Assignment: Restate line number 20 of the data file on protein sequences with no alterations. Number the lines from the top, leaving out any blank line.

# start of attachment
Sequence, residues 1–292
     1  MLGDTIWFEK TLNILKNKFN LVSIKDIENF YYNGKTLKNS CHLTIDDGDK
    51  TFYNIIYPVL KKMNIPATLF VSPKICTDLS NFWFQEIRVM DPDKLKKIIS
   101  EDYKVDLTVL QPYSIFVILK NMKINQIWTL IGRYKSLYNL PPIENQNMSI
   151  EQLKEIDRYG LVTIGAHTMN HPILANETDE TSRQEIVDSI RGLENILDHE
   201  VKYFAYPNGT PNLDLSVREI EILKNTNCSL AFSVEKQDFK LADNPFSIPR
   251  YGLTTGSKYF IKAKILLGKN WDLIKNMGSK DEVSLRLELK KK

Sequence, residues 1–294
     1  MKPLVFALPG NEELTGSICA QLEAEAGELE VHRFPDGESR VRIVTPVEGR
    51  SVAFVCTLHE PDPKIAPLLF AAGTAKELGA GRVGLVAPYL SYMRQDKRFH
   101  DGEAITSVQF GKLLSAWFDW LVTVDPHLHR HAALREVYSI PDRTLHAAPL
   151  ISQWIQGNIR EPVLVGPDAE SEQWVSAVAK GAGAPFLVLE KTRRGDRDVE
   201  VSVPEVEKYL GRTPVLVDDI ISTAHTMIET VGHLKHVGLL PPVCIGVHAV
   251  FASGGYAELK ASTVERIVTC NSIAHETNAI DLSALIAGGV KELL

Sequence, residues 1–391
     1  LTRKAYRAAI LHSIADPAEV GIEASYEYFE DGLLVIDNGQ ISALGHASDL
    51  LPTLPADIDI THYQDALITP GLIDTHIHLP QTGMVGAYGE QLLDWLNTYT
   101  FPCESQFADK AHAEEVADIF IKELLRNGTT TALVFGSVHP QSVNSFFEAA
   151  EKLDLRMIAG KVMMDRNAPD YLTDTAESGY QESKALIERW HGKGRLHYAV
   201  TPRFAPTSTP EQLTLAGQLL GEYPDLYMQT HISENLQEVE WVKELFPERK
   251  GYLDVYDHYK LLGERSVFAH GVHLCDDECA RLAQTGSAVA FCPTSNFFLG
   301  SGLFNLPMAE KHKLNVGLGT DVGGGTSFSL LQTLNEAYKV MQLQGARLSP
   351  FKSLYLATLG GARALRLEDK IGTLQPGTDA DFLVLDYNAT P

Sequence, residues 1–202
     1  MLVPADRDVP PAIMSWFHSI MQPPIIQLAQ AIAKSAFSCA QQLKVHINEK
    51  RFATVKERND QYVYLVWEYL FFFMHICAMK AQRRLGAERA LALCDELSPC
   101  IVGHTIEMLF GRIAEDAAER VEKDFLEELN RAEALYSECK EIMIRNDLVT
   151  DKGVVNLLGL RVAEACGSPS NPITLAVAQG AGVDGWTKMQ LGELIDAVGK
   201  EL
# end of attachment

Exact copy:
   201  TPRFAPTSTP EQLTLAGQLL GEYPDLYMQT HISENLQEVE WVKELFPERK